Libya’s Fragile Peace on Edge
Armed groups shutting down oil infrastructure and pipeline problems led to a decline in Libyan oil production by at least 400,000 b/d in less than 2 weeks.
Bullish Outlook Eases OPEC+ Decision
The first presidential elections in Libya since the peace brought the civil war to a pause in late 2020 was scheduled for the last week of December. That vote never took place. The delay of the vote was initially set for one month but now could be delayed up to six months or longer. The interim government’s mandate ended in the last week of December and no official extension of the term has been granted. Interim prime minister Abdul Hamid Dbeibah, himself one of the candidates for president, resumed holding cabinet meetings although his legal authority is now in question.
The vote delay centered around groups challenging several of the presidential candidate's eligibility. Saif al-Islam Gaddafi, the son of Libya’s former military dictator who was ousted and killed in 2011, was initially barred from running for president but Libyan courts overturned that ban. His inclusion was not well received by many who saw Gaddafi as a member of the previous regime they fought to overthrow. Dbeibah took over as interim prime minister promising not to seek the presidency but ran anyway. Khalifa Haftar, the military general whose campaign in eastern Libya was the major cause of the civil war that started in 2014, is also running. The divisive nature of the candidates and the unresolved question of the legal authority and power of the next president make the chances of having a secure election and a smooth transition very difficult. The losing side of the election will almost certainly question the legitimacy of the vote and the fragile peace could easily collapse.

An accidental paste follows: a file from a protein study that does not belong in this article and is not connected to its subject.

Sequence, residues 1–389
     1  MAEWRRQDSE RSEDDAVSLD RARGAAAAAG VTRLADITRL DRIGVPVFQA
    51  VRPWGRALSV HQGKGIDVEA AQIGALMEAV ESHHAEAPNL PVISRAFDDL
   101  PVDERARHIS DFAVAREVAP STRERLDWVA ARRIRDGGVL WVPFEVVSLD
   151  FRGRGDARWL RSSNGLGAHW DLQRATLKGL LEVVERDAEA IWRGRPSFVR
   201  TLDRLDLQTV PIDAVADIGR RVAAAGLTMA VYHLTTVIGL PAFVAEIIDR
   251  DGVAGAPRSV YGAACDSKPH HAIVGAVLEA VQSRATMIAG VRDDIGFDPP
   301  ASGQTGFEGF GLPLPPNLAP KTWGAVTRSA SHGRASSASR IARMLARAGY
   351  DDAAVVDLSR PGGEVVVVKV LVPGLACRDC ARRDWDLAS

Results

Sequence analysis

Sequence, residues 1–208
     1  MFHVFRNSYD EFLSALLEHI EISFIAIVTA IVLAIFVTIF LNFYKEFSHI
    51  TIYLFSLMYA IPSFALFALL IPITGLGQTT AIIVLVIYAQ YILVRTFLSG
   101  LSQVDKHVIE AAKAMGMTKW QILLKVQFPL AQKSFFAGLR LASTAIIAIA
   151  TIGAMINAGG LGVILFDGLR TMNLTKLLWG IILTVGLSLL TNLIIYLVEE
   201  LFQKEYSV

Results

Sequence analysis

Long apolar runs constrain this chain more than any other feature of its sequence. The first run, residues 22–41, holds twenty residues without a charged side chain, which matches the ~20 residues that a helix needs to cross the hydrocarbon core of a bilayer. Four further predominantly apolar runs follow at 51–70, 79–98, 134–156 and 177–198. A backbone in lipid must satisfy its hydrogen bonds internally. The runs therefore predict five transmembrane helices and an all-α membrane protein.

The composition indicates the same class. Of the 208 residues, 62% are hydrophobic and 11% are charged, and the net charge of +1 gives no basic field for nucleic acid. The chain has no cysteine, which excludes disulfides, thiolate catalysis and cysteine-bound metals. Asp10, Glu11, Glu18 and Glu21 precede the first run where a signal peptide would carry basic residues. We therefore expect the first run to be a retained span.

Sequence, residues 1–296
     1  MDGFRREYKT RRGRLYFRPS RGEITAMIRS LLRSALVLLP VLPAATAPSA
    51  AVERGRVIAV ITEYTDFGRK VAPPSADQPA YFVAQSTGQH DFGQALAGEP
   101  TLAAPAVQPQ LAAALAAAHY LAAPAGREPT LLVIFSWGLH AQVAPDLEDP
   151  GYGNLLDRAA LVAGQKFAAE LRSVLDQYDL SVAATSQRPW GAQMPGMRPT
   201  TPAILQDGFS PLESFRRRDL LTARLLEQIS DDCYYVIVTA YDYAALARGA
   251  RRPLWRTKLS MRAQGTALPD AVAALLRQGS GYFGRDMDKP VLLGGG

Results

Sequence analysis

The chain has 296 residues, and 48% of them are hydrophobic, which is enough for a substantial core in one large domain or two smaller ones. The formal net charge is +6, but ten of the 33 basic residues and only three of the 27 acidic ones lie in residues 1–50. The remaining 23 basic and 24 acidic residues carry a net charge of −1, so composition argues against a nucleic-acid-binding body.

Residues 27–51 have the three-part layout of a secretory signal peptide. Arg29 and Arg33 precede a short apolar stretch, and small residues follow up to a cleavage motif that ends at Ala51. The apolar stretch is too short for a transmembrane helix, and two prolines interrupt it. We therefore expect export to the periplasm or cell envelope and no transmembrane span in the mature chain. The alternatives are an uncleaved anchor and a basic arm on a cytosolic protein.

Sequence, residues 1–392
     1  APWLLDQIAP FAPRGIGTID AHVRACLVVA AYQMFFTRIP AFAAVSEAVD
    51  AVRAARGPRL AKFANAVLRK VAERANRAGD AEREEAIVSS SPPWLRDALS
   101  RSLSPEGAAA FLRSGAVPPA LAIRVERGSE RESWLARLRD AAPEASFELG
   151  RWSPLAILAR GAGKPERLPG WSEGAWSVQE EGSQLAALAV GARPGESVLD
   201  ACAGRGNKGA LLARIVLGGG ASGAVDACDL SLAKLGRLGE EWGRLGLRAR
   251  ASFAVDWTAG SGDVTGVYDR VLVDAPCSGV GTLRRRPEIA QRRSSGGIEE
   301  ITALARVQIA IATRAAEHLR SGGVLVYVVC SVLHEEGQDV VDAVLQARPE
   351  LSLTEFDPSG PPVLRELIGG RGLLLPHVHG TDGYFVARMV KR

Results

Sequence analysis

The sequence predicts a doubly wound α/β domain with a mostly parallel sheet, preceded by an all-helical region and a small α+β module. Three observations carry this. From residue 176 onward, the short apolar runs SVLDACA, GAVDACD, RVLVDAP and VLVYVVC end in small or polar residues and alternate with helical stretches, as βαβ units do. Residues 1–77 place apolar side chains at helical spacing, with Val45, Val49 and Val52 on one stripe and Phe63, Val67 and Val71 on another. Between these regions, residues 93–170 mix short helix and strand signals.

This situation has already had consequences on Libya’s crude oil production, but it could get much worse. A group from within the Petroleum Facilities Guard (PFG), a domestic militia independent from the Libyan Armed Forces, shut down crude and gas pipelines from four major oil fields including Sharaha and El Feel in late December a few days before the scheduled vote. The group sought to place pressure on the government to grant them legal recognition and more investment in infrastructure. The PFG came out against this move from members within their ranks, but it is unlikely the move was an entirely rogue operation. This brought down production by 300,000 b/d. Another 200,00 b/d of crude production went offline this week as pipeline infrastructure is failing due to poor investments.
The situation will likely get worse. With no presidential elections scheduled, the legal authority of the interim government in question, and revenues collapsing as oil production falls, the ingredients for return of armed conflict are all there. The difference this time are the foreign forces involved in Libya that turned the conflict into a proxy war between geopolitical rivals. With Saudi Arabia patching its relationships with Qatar and Turkey reaching out to Gulf countries and dealing with its economic difficulties, there is less willingness to pursue another prolonged military conflict among the regional players. Should the Libyan civil war restart, international forces will more likely push for peace this time.
Libya’s crude production can swing very quickly. The graph above shows Libya’s crude production since 2011 when the conflicts began. Since the peace was brokered in late 2020, Libya’s crude production averaged 1.2 million b/d. In less than two weeks, Libya’s production fell below 800,000 b/d. This bullish development will make it easier for OPEC+ to continue the 400,000 b/d production increases in February. OPEC+ is still struggling with African members unable to raise production to meet their quotas. Although exempt from the OPEC+, Libya’s production decline only means more slack for Arab Gulf OPEC+ members to pick up.